China: Hollywood Heads For The Wild, Wild East

  • Piracy runs rampant and even stars don’t give you the same bang for your box-office buck anymore. What’s a poor international media conglomerate to do?Titanic-3D
    Words John Lopez
    Illustrations Alexander Wells

    It’s hard to be a movie studio these days. The new generation of filmgoers spends more time on Facebook than at the cinema, piracy runs rampant – and even stars don’t give you the same bang for your box-office buck anymore. What’s a poor international media conglomerate to do?

    Fortunately, a golden goose of sorts is on the horizon: China. In 2012, it surpassed Japan to become the number-two film market in the world, and a recent report by Ernst & Young says that, by 2020, it could become the largest in the world – period. “It’s gone from about a decade ago being really a backwater, unimportant market [to] the biggest international territory outside of North America,” says Robert Cain, whose Pacific Bridge Pictures advises studios and filmmakers how to do business there.

  • Administered by the State Administration of Radio Film and Television (SARFT), the aim of the quota system is both to censor questionable material and to protect local productions from being swamped by non-native big-budget spectacles. Even after a film is approved, SARFT decides when it gets released, usually giving studios a mere month to market it.

    It’s an open secret that SARFT creates blackout periods during prime movie-going months when Hollywood fare is rarely screened. When it is screened, the films open all at once – forcing them to compete with each other. Despite this, foreign films still accounted for over 50 percent of the ¥17 billion (or £1.75 billion) generated by the Chinese box office in 2012.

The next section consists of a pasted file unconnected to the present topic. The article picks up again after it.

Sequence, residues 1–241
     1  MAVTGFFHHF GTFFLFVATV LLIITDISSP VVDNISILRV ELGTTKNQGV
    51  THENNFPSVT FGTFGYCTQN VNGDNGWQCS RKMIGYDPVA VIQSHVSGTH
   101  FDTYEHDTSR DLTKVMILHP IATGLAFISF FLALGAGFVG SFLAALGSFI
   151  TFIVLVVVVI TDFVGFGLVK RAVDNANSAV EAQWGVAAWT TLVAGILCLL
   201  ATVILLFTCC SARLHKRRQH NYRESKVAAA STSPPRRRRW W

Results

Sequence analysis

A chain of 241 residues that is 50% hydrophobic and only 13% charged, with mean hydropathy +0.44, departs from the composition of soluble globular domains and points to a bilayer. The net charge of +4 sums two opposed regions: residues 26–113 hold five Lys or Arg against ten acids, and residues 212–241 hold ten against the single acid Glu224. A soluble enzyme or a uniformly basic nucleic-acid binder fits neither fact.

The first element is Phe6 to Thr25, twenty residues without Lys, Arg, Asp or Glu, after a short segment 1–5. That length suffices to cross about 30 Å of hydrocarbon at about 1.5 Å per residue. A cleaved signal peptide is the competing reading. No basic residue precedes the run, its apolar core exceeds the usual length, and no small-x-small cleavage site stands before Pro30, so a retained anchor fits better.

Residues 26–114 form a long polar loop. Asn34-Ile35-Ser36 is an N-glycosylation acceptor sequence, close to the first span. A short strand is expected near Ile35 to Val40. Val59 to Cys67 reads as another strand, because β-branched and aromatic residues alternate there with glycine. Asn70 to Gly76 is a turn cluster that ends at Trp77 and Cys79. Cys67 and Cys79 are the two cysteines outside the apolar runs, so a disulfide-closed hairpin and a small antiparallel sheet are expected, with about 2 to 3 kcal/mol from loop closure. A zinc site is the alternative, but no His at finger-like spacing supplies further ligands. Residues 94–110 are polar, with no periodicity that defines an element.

Hollywood is preparing to service its new customer base with aplomb. Beverly Hills-based RealD, for one, is banking on Chinese audiences’ love of 3D (Titanic 3D did 40 percent of its global box office in China). It has equipped 1,000 screens with its projection technology and has 1,000 more under contract to be installed. RealD’s chairman and cofounder Michael V Lewis says that China’s box office has grown 30 percent nine years in a row. “You cannot ignore that type of growth. Needless to say, China is a huge priority for RealD.”

    Producers and studios are on the lookout for opportunities to form lucrative coproduction deals – partnering with local Chinese companies, adding Chinese elements to stories and hiring Chinese actors – which let films bypass the quota system and receive a larger take of the profits. Unlike other countries that actively lureFilmPolice
    Hollywood productions with tax incentives, the Chinese are more circumspect when Tinseltown executives come calling. Studios may woo Chinese officials with set visits and star-schmoozing but, as Cain points out, these officials are obliged to carry out the Communist Party’s will: “They’re dealing with a regime that doesn’t look favourably upon Western culture and wants to send its own message to its own people and to the world.”

    It’s not just a question of avoiding sensitive politics, but of presenting a non-trivial image of China. DJ Guggenheim, Executive Vice President of Development and Production at Inferno Entertainment, explains: “It’s very important for the Chinese government that, if they’re going to sanction a movie as a co-production, it has relevance.” Cain thinks the studios still have a way to go: “The studios, I think rather cynically, are trying to shoe-horn in.”

  • IronmanThe current question in Hollywood is if Disney’s Iron Man 3 will indeed end up a full, official co-production after shooting in Beijing, casting Chinese actor Wang Xueqi, and partnering with China-based DMG Entertainment. The film is set in China and features Ben Kingsley as the villainous Mandarin. DMG partnered on Looper last year, which re-set part of its story in Shanghai in hopes of qualifying. Even though it didn’t quite make the cut, it did get its preferred release date and “assisted co-production status”, i.e. a bigger take of the profits.

    Looper’s producer Ram Bergman has admitted that “we did not know what to expect”. Studios thrive on predictability and, until they really understand the Chinese system, the potential largesse is still more potential than largesse. “When people say, ‘I know that this movie’s going to do X amount out of China,’” Bergman says, “I look at them like, ‘You don’t really know.’ The reality is no one really knows.”

    Read our feature on the financial rise of film industry China’s here